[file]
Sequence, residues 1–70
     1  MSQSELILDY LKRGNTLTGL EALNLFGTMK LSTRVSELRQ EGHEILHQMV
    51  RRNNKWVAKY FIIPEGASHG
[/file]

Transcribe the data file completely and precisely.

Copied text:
Sequence, residues 1–70
     1  MSQSELILDY LKRGNTLTGL EALNLFGTMK LSTRVSELRQ EGHEILHQMV
    51  RRNNKWVAKY FIIPEGASHG